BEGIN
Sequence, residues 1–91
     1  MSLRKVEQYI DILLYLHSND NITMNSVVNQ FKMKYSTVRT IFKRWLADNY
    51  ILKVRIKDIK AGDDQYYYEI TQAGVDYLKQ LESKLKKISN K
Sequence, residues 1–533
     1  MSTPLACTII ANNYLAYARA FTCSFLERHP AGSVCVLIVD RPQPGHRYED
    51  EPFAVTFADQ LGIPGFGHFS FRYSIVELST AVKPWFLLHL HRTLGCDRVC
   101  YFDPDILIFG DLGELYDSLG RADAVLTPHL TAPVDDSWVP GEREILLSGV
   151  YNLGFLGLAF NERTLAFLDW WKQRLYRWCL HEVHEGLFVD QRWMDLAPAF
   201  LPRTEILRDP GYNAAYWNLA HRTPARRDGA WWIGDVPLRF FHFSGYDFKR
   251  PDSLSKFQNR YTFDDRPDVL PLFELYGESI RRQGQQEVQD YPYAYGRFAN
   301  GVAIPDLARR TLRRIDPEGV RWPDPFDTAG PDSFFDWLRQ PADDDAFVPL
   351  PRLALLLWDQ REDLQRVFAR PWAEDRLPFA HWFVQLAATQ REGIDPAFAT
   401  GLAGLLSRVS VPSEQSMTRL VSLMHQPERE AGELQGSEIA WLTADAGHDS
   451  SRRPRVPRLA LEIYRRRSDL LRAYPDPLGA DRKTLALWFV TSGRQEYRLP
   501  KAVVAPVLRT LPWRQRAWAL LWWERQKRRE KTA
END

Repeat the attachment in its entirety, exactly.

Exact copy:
Sequence, residues 1–91
     1  MSLRKVEQYI DILLYLHSND NITMNSVVNQ FKMKYSTVRT IFKRWLADNY
    51  ILKVRIKDIK AGDDQYYYEI TQAGVDYLKQ LESKLKKISN K
Sequence, residues 1–533
     1  MSTPLACTII ANNYLAYARA FTCSFLERHP AGSVCVLIVD RPQPGHRYED
    51  EPFAVTFADQ LGIPGFGHFS FRYSIVELST AVKPWFLLHL HRTLGCDRVC
   101  YFDPDILIFG DLGELYDSLG RADAVLTPHL TAPVDDSWVP GEREILLSGV
   151  YNLGFLGLAF NERTLAFLDW WKQRLYRWCL HEVHEGLFVD QRWMDLAPAF
   201  LPRTEILRDP GYNAAYWNLA HRTPARRDGA WWIGDVPLRF FHFSGYDFKR
   251  PDSLSKFQNR YTFDDRPDVL PLFELYGESI RRQGQQEVQD YPYAYGRFAN
   301  GVAIPDLARR TLRRIDPEGV RWPDPFDTAG PDSFFDWLRQ PADDDAFVPL
   351  PRLALLLWDQ REDLQRVFAR PWAEDRLPFA HWFVQLAATQ REGIDPAFAT
   401  GLAGLLSRVS VPSEQSMTRL VSLMHQPERE AGELQGSEIA WLTADAGHDS
   451  SRRPRVPRLA LEIYRRRSDL LRAYPDPLGA DRKTLALWFV TSGRQEYRLP
   501  KAVVAPVLRT LPWRQRAWAL LWWERQKRRE KTA